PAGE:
Those are the moments where you see a break-through and you take a deep breath and muster up the patience because it’s working, you just have to let it happen.

I go back to the living room and he immediately stops screaming. I just sit and wait and it doesn’t take long and he comes out and he says, “I’m sorry. I’m just really sad Nikki told me I sucked.”
“I know, Wes. But she apologized so can we try to forget about it?”
“But you always tell me you can’t forget words easily when I say mean stuff.”
He’s listening! He’s really listening!
“That’s right, Wes. But haven’t you said mean stuff you’d wish we could forget? Do you remember how sorry you were when you said the awful thing? Don’t you think your sister feels that way now? So can we shake it off a bit?”
“Maybe.”
“Listen, I’m having a rough day too. You know what I like to do when I just can’t shake stress off? I like to color. Coloring calms me down. Want to color with me?”

So we did. He got his notepad out and I got my coloring book out and we centered ourselves around our pens and markers. We ended up having a really nice evening together. We colored, he rubbed my feet for money (He gives THE BEST foot rubs), and we watched Sing.

Some days I honestly worry that he’s never going to mature emotionally to the point of having successful relationships as an adult. But then other days I see how much progress he has made, how far we’ve come from the days where he tried to hurt me both physically and with his words. And yes – I can’t easily forget those days – but days like yesterday are like medicinal salves over old wounds. Those days, those swings, they are too much sometimes…I’ll be honest. But when the pendulum stops and we settle into the healing process I can see the light at the end of the tunnel. We are making our way through it, together.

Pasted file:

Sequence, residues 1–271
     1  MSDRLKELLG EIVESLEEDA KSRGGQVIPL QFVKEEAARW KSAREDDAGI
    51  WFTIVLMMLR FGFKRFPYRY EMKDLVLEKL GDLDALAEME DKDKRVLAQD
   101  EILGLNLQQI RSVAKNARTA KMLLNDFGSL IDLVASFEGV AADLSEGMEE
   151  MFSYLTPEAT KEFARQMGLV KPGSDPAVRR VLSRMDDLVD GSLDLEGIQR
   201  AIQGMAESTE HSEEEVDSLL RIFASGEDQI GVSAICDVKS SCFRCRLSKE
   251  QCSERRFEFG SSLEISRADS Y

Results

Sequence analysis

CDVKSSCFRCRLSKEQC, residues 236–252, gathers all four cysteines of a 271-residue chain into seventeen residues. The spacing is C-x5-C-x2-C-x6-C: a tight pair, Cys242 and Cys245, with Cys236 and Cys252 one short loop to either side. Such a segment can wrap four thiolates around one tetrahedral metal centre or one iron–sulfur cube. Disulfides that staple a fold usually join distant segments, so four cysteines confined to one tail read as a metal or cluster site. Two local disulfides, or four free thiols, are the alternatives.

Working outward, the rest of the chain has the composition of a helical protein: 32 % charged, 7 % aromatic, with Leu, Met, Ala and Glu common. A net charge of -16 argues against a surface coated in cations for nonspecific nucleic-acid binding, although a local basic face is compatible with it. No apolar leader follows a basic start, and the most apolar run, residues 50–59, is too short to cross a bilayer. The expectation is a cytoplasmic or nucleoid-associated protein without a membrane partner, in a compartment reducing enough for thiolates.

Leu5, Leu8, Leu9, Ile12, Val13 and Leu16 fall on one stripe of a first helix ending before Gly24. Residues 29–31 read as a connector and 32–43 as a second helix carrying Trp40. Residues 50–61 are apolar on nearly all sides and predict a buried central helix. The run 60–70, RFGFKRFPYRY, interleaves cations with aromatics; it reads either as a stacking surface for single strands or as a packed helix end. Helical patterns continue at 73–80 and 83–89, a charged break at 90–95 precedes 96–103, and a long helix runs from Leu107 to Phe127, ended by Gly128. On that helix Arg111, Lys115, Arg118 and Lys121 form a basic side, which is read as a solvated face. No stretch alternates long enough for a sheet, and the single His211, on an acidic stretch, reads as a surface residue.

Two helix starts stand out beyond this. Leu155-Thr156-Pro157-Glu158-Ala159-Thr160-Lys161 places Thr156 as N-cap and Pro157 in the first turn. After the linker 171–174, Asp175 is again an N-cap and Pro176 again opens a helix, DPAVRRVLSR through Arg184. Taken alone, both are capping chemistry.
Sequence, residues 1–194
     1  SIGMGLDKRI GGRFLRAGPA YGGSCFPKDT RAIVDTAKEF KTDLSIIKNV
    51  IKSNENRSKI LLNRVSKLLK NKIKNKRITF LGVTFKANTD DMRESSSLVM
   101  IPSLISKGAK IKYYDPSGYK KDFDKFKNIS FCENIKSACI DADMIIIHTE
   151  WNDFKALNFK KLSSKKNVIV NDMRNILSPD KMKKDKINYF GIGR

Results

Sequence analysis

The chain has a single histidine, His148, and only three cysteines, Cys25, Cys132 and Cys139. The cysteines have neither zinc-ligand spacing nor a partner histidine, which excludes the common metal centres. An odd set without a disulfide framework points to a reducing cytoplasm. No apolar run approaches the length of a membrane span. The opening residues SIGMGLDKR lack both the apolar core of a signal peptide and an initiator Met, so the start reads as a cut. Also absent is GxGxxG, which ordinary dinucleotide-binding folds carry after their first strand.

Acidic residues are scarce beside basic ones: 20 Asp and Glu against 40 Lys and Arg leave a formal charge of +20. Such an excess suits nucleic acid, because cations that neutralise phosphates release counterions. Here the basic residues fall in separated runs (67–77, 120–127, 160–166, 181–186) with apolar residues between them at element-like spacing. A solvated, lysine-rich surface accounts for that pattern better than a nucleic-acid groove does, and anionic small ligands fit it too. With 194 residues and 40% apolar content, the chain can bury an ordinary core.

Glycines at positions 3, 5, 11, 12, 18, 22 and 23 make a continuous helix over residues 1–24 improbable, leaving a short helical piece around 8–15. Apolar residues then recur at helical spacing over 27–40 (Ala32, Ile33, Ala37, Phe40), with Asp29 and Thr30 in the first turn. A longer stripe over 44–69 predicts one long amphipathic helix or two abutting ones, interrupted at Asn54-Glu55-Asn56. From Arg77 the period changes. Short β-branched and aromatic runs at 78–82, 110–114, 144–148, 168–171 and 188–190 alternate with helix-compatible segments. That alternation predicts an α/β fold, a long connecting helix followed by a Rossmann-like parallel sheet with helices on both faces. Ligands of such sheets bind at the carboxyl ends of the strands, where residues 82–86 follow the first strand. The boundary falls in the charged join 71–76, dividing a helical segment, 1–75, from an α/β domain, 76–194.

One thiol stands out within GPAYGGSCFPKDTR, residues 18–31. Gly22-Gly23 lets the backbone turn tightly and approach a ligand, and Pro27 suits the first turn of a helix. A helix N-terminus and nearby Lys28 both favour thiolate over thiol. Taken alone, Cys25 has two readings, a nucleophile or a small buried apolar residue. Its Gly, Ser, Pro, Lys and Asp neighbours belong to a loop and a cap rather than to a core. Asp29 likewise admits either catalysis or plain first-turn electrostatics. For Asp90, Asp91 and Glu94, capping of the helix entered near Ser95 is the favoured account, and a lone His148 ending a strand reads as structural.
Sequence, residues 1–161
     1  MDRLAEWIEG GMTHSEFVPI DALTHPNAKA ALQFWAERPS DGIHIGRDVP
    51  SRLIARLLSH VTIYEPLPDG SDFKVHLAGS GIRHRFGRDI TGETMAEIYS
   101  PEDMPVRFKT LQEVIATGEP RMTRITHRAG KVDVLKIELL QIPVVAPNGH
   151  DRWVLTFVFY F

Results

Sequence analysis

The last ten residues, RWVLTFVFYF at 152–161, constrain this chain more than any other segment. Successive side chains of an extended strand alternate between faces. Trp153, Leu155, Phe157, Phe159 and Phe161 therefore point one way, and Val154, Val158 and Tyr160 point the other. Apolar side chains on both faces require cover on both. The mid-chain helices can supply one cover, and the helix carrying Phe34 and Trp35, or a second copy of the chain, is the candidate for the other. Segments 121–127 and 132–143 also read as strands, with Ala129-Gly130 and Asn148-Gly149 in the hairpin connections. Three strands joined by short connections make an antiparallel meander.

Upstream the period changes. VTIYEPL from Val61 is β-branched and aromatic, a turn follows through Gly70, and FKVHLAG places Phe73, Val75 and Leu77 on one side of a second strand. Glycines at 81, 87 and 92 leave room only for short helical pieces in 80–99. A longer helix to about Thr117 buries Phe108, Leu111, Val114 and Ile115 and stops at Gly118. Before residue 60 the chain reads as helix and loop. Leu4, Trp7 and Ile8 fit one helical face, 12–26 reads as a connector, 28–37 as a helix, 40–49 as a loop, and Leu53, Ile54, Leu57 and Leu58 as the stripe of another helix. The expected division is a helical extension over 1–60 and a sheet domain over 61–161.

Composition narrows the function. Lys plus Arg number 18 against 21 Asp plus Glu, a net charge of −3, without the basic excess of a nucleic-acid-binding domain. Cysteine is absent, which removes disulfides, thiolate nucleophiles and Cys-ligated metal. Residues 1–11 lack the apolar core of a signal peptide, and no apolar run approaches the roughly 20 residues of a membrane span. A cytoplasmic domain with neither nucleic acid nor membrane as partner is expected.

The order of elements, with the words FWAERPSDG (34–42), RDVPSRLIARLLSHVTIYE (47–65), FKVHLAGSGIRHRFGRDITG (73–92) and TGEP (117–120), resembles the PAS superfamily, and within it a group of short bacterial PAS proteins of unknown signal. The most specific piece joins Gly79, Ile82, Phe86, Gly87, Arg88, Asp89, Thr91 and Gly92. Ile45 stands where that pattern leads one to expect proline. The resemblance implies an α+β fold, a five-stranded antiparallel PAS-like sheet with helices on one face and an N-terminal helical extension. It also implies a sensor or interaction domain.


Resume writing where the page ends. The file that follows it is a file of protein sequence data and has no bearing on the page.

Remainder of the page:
Calming Versus Escalating

Wes had a tantrum the other night at the Super Bowl party. It started innocently enough (they always do) with him banging his head repeated against a chair (a nice old/fancy one) as he rocked back and forth and I kept telling him to stop and he kept ignoring me so I picked him up and removed him from the situation. My big priority was to avoid a scene in front of Family so I figured I would put him in timeout but I’d be in there with him.

But he wouldn’t stay. And he was getting more and more angry and while he hadn’t started hitting, he was pushing trying to get away from me and while I’ve been really good about not yelling, I tend to escalate punishments in those moments. “Okay, instead of time out for 5 minutes you have 20…now your screens are taken away…now your Pokemon cards…” and so on. But I knew we were in someone else’s house and I had to try something different so I went with a technique I’ve read about recently where you focus on getting them calm FIRST, punishments LAST.